A modern day society pushes creators to be extra creative and extra productive for the holiday season. Every year, I see pushy advertisement for sellers on all e-commerce platforms to help prepare for the end-of-year holiday rush. Get the holiday hashtags ready, add gift wrapping options, adjust shipping times, and so on. In other words, SELL, SELL, SELL! I’m truly tired of this. Given the difficult year I had, I didn’t really create much. I planned to participate in the holiday race as usual, but then I realized that I don’t really have to. I said “no” to my usual Christmas fair, and do not plan on making specific items just for the season. As terrible as this year has been, it taught me an important lesson.

Oksana Ossipov, black and white portrait

I don’t want to create under a constant deadline of holiday shopping made up by marketers! I specifically chose this profession so that I would have the liberty to create when and what I want.

That’s exactly the freedom that the society is trying to take away from artists. I’m lucky enough that I don’t really have to conform to this. Forcing oneself to perform creative work will never yield a great result. Eventually, one would burn out and look for a different profession. At this moment, I am on a verge of doing so. Understanding the underlying problem is very important as it’s easy to get lost in all of these seasonal expectations. Instead, I want to do unexpected, but great things.

This is the reason I have been quiet on most of my social media. I’m trying to create and share at my own pace, and no algorithm or marketer will dictate my schedule. I’m sure it won’t be easy, but it’s something that I need to do in order to find myself once again. I have several projects in mind, but I kept saying “I’m not ready, I’m still brewing” for the longest time. I think it’s finally time to dazzle.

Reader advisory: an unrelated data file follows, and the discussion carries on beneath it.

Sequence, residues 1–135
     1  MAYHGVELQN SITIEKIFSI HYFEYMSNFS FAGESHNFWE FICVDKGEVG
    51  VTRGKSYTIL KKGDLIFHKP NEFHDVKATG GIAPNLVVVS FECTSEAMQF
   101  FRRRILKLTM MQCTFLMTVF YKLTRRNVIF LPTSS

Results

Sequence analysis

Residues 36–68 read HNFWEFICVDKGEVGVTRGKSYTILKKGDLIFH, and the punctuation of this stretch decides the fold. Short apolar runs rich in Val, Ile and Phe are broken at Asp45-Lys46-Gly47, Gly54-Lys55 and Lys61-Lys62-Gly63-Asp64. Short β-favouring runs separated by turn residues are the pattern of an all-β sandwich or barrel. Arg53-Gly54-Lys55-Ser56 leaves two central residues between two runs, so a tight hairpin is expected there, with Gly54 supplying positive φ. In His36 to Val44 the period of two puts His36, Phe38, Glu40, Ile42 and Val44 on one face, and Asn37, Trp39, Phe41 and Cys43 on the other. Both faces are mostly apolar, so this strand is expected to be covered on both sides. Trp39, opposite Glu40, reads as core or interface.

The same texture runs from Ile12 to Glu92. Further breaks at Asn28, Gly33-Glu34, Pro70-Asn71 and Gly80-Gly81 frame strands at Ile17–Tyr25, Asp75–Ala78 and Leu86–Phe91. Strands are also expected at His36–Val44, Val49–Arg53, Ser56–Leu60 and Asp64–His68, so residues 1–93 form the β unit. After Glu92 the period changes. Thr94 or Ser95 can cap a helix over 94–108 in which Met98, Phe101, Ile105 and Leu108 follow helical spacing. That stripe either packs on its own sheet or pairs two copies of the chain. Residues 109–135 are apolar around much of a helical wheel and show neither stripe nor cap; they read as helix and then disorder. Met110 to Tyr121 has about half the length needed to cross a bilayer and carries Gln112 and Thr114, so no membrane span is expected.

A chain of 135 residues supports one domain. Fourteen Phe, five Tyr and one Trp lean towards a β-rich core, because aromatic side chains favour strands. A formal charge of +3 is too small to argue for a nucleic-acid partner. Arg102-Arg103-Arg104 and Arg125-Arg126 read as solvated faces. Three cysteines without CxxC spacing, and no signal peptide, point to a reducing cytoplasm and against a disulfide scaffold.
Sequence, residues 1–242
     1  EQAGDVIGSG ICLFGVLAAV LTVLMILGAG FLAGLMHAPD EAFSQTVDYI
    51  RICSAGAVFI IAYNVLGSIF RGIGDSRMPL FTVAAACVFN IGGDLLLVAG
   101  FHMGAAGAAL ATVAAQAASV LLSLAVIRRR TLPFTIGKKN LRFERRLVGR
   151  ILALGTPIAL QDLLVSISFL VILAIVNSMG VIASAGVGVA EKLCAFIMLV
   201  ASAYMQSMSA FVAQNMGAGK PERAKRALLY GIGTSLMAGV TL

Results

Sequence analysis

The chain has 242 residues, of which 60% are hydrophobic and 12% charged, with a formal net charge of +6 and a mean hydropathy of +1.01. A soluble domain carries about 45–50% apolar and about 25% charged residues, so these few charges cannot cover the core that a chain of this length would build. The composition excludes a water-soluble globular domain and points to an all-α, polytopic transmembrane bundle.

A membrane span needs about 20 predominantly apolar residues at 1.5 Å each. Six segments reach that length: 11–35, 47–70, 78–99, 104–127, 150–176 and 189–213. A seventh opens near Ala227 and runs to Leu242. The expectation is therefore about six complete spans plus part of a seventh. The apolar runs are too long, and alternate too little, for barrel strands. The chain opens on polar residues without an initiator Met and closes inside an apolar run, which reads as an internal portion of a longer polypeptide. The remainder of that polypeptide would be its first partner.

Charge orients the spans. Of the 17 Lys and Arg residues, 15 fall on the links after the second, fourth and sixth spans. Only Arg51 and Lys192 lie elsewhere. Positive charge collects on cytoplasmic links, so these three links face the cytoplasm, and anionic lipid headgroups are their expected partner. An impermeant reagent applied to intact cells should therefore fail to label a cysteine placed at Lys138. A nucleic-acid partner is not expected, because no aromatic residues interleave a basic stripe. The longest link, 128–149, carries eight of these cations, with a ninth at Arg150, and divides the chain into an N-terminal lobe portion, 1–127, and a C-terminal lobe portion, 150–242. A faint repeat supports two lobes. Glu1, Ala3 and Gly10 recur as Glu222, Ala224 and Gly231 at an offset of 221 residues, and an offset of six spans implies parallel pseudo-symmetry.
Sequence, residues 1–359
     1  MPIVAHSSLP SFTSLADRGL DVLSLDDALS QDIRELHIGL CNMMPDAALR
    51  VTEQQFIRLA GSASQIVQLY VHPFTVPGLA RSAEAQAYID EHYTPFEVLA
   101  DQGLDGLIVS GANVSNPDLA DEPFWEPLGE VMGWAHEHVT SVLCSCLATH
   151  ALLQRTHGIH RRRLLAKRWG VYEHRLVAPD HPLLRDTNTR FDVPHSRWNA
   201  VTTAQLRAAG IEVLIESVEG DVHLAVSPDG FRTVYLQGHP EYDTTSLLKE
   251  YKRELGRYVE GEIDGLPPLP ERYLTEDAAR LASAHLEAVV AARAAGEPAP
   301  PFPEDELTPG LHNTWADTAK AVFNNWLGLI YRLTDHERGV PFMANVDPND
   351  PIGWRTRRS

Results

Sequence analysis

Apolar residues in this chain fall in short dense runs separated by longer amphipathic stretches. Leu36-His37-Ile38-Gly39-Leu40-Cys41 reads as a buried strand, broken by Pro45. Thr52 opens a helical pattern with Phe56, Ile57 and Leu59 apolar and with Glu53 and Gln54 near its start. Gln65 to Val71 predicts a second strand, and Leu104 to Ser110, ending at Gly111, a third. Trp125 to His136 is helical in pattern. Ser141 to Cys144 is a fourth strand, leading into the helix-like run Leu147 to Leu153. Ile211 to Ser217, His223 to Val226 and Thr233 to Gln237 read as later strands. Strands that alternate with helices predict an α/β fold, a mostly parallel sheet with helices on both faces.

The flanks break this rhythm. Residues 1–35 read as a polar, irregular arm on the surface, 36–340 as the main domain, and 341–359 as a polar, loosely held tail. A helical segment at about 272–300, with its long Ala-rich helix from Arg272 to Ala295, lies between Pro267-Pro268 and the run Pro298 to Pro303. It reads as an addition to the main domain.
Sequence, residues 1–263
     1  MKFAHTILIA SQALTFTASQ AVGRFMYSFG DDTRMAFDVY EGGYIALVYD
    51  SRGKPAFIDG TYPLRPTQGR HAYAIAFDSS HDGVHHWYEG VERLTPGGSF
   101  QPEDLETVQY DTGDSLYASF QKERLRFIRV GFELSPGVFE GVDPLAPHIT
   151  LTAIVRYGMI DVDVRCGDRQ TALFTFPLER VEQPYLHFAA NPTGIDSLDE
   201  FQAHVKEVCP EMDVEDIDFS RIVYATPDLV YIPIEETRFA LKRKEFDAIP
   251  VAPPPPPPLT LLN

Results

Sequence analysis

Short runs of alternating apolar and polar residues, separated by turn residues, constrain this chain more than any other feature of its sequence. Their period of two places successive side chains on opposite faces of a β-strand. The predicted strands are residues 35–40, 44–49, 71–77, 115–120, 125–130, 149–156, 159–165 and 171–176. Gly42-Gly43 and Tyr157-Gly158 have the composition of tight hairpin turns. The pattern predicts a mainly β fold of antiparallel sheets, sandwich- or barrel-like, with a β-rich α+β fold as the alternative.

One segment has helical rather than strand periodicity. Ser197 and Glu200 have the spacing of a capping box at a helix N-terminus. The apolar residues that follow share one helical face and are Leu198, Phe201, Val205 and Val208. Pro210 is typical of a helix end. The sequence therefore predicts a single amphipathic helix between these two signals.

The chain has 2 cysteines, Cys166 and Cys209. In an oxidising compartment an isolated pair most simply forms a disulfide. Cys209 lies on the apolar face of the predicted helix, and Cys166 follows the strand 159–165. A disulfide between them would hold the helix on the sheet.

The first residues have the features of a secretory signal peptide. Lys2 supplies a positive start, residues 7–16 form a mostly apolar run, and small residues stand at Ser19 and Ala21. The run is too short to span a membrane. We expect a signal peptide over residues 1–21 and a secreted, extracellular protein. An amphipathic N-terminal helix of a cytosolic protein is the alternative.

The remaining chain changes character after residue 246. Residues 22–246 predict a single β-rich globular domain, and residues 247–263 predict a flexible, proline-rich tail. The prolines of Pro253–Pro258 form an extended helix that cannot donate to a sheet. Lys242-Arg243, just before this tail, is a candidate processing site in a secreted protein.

As usual, these projects are quite diverse. I have finally started working with oil paint, and while I’m not entirely comfortable with it, I’m at least getting to know it. I’m working really small, mostly on 5″ by 7″ panels, and I pick simple still life to practice on. I’m trying to work with values, composition, and just in general getting used to this interesting medium.

I feel like I’m done with jewelry, at least with simple miniature creations. However, I’m very tempted to create more complex pieces. I don’t dare to try it yet, but I want to! I truly need to make that step toward growing up, but it’s a scary one. The same goes for larger scale sculpture. I have created a number of whale sculptures, but I want to take it even further. First of all, I want to explore mold-making and casting. Making these sculptures by hand is quite time consuming, and I really want to make different styles of the same sculpture. It’s very much like playing dress-up with a doll! This is why I turned my attention to silicon and resin as new media for sculpting. Second, I want to create at least a foot-tall sculpture with lots of details. Both of these projects require a lot of research. Starting with the material and ending with technique, it’s all theoretical for now. The biggest challenge is the size. I have no idea how polymer clay will behave on a larger scale. For example, if it gets soft while curing in the oven, will it collapse under its own weight? Will it burn if it’s closer to the heating element? All these questions are like a brake pedal to me. I keep inventing excuses, but it’s time to just step over them and make magic happen.

Lastly, I really miss doing photography. Since it’s the fall season, the weather is great in Texas, and I might just take a few days and devote them solely to photography. All of these projects and plans require a lot of time and energy, and I must admit I’m running low on the latter. This is why running social media and my store are no longer a priority. It’s time to lay low and create!

Oksana Ossipov, fall portrait collage

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